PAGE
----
Klaus: "We have the opportunity to create our reality. All the decisions we make and all the hard work we put in is reflected right back into my personal life so, there is a lot of fulfillment that comes with running a successful business and contributing to the community in a positive way."

Sarah Johnson - Odd Humyns

How did you come up with the idea of Odd Humyns?
Johnson: “Odd Humyns started as a design business but from there it graduated into being an actual retail space. It started off as just art supplies and now we have all kinds of stuff,” Johnson said. “Our owner, Serena, always wanted to create a space that they didn’t have when they were a teenager, so just having a space that was a little funky, queer-friendly, and inclusive was a priority.”

What motivates you to do the work you do?
Johnson: “It’s such a motivation to have connections with people and having a really inclusive space and a space that’s safe for everybody. We are just motivated by having an experience that’s different from others,” Johnson said. “We both are compelled by the idea of people coming in and liking the space and finding stuff and having products that are made by people that are underrepresented.”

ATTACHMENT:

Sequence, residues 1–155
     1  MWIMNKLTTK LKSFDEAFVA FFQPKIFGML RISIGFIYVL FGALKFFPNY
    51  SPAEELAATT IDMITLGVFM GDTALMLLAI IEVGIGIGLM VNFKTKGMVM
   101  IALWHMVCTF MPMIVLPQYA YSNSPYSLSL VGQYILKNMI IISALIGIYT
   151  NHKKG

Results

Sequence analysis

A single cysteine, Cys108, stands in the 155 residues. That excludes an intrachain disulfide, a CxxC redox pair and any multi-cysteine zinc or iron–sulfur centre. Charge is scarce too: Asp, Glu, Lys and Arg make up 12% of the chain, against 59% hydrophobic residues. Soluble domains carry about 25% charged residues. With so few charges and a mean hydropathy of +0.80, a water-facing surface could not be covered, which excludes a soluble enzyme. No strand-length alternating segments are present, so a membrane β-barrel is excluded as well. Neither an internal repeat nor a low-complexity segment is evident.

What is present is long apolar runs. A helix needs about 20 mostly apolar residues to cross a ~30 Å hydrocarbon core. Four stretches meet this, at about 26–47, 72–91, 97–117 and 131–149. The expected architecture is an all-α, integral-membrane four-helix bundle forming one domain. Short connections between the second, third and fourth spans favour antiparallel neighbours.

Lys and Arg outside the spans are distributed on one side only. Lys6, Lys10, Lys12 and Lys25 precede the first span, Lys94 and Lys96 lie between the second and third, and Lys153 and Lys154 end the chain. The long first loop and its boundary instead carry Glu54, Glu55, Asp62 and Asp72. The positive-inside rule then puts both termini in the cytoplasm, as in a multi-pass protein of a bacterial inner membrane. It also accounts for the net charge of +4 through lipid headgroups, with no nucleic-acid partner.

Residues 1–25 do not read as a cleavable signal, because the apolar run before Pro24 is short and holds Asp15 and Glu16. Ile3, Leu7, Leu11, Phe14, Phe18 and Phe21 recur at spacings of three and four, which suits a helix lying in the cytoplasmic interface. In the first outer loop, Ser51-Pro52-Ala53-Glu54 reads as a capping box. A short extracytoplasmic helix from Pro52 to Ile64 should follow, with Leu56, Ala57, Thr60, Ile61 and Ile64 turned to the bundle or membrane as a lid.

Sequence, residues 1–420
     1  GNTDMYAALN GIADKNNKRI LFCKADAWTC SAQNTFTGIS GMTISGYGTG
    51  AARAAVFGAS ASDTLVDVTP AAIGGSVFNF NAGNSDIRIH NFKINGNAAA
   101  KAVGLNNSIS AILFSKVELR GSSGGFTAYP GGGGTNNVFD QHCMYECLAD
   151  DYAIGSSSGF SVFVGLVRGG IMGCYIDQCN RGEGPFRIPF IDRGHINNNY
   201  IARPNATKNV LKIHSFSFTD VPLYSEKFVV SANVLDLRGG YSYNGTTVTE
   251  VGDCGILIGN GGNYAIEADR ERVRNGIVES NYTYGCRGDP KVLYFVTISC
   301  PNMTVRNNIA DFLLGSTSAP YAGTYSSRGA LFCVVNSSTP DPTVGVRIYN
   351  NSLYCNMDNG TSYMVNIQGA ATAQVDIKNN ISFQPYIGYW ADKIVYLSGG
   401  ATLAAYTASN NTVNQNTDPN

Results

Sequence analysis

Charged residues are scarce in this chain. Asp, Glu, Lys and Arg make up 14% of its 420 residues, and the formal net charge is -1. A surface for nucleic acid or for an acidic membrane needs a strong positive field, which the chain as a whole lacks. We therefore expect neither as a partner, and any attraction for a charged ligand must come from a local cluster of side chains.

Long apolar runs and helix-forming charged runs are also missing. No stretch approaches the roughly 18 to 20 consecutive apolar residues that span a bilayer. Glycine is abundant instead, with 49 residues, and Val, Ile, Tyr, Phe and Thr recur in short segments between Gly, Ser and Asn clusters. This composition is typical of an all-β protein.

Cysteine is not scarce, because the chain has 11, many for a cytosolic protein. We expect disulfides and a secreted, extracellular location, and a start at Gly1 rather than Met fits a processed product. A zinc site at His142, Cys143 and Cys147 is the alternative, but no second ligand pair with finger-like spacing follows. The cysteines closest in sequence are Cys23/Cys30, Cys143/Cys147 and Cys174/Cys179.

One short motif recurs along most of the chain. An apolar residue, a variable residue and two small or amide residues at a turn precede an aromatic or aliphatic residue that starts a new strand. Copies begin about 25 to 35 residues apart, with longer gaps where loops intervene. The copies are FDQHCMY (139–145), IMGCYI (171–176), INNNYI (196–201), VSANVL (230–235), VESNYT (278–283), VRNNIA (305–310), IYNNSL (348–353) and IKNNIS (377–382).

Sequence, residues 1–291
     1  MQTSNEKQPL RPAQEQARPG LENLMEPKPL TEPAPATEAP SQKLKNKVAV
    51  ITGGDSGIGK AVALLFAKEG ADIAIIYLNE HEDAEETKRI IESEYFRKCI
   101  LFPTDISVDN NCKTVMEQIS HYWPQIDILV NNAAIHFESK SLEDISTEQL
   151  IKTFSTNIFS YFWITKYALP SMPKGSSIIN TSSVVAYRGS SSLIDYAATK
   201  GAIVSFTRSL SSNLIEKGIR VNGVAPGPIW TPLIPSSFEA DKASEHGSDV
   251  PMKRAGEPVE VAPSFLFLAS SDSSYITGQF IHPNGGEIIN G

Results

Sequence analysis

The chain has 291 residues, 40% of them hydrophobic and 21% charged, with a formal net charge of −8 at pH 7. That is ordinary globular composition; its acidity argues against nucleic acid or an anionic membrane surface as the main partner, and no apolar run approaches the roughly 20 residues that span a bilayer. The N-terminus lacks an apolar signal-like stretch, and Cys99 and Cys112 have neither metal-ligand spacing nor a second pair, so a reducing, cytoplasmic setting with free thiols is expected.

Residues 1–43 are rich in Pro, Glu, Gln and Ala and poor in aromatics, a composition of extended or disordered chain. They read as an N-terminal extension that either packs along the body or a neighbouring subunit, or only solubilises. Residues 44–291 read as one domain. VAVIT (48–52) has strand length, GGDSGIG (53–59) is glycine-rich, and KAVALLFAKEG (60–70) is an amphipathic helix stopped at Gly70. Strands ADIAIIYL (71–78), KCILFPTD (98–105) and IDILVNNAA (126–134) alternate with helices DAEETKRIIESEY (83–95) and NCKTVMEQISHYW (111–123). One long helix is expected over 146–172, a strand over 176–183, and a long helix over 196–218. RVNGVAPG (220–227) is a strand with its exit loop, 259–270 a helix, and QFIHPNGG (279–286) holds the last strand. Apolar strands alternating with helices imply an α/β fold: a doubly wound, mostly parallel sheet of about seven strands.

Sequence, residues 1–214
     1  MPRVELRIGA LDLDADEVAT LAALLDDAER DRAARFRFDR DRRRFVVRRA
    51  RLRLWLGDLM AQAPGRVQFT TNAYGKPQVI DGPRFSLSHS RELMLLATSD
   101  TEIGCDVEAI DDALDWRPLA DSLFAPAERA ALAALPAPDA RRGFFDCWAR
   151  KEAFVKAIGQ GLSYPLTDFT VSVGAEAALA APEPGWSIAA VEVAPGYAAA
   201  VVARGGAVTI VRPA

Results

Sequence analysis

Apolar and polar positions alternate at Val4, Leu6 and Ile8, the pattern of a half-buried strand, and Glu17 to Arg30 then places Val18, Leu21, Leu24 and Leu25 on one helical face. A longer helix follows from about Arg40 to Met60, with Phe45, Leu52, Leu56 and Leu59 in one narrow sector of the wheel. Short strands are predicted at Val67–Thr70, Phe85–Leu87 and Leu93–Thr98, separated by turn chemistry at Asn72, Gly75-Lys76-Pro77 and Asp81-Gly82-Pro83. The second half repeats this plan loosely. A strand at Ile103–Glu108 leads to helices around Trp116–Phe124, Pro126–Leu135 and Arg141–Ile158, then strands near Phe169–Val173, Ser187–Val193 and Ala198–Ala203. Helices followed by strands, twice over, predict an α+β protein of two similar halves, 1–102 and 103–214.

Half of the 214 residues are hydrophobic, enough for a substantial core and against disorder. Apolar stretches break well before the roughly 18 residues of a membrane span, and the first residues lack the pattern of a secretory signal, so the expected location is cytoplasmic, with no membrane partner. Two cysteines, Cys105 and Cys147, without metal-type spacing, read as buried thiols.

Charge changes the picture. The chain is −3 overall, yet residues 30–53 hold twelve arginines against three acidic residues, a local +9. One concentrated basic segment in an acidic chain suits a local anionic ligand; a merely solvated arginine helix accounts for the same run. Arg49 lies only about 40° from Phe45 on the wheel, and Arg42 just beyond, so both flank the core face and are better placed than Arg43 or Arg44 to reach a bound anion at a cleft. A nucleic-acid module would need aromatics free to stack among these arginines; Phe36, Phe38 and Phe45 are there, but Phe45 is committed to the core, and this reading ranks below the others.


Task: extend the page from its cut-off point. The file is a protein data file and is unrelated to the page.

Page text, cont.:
What does being a businesswoman mean to you?
Johnson: “I just love our space, I love the environment and I feel really energized by being in this kind of space and I wanted to have a community impact and have a voice in the community,” Johnson said. “I want creativity to be at the forefront of my professional career.”

What is your favorite thing about running a business?
Johnson: “There are so many things with running a business that you can’t predict, but Serena and I feel really lucky because we have each other,” Johnson said. “Serena and I are best friends and we are always having the best time at work. We feel really lucky because challenges feel lesser when you are passionate about what you are doing.”